RM Monterey 2013 Highlights

RM’s annual auction held during Pebble Beach weekend was a big one this year. They tried their best to set an all-time record with their top sale, but it fell short by a “mere” $2 million. Still, the car topped the upper end of its estimate by $10 million (!). It was actually one of our feature cars: the 1967 Ferrari 275 N.A.R.T. Spider. It sold for a remarkable $27,500,000. The next highest-selling car was another prancing horse: this 1953 Ferrari 375 MM Spider by Pinin Farina for $9,075,000.

1953 Ferrari 375 MM Spider by Pinin Farina

Of our feature cars, two didn’t sell. They were: the sale’s only Duesenberg and our featured Maserati A6GCS/53. This sale featured a somewhat obscene 26 million dollar cars. We’ll run them down here. Two other Maserati’s topped the million dollar mark, including our featured Birdcage for $2,090,000. The other was this 1953 Maserati A6G/2000 Spyder by Frua for $2,530,000.

1953 Maserati A6G-2000 Spyder by Frua

The next two most expensive Ferrari’s were our featured 500 Mondial for $3,520,000 and this 1955 Ferrari 750 Monza Spider by Scaglietti for $4,070,000.

1955 Ferrari 750 Monza Spider by Scaglietti

We’ll continue our tour of Europe and head to the Western Front where this 1939 Mercedes-Benz 540K Special Roadster by Sindelfingen sold for $7,480,000.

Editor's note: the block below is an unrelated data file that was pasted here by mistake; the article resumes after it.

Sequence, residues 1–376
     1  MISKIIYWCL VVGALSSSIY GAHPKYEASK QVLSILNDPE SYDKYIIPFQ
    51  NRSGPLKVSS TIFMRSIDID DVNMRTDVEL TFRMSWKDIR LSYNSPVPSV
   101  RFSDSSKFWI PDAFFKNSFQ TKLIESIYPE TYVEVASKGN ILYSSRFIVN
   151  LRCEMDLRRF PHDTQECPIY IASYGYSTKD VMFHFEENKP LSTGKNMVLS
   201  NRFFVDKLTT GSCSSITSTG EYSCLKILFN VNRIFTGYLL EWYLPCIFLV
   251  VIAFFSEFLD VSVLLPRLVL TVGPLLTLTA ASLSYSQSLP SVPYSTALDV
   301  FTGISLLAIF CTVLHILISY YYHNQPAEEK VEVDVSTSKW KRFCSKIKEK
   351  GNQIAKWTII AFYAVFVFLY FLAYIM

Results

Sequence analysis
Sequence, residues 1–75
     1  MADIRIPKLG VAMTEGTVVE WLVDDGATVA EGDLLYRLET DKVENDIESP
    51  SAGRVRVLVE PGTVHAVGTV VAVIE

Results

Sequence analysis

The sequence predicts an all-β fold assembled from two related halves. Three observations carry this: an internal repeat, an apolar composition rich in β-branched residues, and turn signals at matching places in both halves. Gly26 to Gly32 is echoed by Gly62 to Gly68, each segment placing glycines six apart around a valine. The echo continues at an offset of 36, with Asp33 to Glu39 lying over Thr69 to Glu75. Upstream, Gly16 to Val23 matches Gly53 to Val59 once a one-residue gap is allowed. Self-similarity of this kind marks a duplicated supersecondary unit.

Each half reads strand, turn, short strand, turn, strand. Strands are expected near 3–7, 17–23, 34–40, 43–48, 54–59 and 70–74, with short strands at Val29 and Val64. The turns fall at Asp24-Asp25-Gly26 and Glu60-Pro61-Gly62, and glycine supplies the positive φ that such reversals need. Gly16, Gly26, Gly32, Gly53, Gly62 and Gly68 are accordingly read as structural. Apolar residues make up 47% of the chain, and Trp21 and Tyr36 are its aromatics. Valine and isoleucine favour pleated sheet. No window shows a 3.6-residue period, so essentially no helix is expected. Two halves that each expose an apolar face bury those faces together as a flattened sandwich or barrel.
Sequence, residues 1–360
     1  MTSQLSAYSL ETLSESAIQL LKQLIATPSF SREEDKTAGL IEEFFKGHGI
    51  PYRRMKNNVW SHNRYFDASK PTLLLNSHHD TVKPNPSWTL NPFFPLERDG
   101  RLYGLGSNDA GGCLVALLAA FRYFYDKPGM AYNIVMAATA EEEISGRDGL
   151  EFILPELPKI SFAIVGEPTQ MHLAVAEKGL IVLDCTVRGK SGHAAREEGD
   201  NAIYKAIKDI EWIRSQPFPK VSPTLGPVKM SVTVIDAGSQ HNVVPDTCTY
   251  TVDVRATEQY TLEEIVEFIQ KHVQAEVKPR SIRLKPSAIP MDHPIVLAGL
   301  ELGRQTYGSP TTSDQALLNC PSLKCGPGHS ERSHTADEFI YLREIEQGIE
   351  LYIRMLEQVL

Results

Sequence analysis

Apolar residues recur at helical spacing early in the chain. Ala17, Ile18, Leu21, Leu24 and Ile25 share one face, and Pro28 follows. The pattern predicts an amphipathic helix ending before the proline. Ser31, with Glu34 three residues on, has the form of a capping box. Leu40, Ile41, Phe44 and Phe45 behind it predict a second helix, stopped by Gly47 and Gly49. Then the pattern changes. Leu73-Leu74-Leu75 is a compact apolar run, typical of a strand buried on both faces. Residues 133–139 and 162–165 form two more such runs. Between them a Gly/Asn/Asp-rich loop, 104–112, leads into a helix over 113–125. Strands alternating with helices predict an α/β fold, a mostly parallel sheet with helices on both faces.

1939 Mercedes-Benz 540K Special Roadster by Sindelfingen

Our featured Pebble Beach-winning 680 S-Type by Saoutchik sold for $8,250,000. And as always, there were Gullwings galore. This sale included the following (from top to bottom): 1955 Mercedes-Benz 300SL ($1,265,000), 1957 Mercedes-Benz 300SL Roadster ($1,430,000), and another (in a more interesting color, in my opinion) 1955 Mercedes-Benz 300SL ($1,485,000).

1955 Mercedes-Benz 300SL

1957 Mercedes-Benz 300SL Roadster

1955 Mercedes-Benz 300SL

How about another pair of Ferraris? First, an early 1950 166 MM Barchetta for $3,080,000.

1950 Ferrari 166 MM Barchetta

And then this 1961 Ferrari 400 Superamerica SWB Coupe Aerodinamico by Pininfarina for $2,750,000.

1961 Ferrari 400 Superamerica SWB Coupe Aerodinamico by Pininfarina

For some competition cars we can look to our 1974 Indy 500-winning McLaren which broke the bank at $3,520,000. Then there was this 1958 Lister-Jaguar “Knobbly” Prototype which went for $1,980,000.

1958 Lister-Jaguar 'Knobbly' Prototype

To keep going with the theme, this 1955 Jaguar D-Type was one of the coolest cars of the show (if you’re capable of whittling a list like this down that far). It sold for $3,905,000.

1955 Jaguar D-Type

The final million dollar competition car is this 1996 Ferrari 333 SP Evoluzione that sold for $1,375,000.

1996 Ferrari 333 SP Evoluzione

That car shows that it wasn’t just old classics bringing the big bucks. Two more modern Ferraris did well too: this 1990 Ferrari F40 (first below) sold for $1,155,000 while one of my all-time favorites, a 1995 Ferrari F50 (second below) brought $1,677,500.

1990 Ferrari F401995 Ferrari F50

This 1961 Ferrari 250 GT Series II Cabriolet by Pininfarina sold for $1,100,000.

1961 Ferrari 250 GT Cabriolet Series II by Pininfarina

How about a Spanish car? This 1935 Hispano-Suiza K6 Cabriolet by Brandone was a car I really wanted to feature (but didn’t for various time-related reasons). It sold for $2,255,000.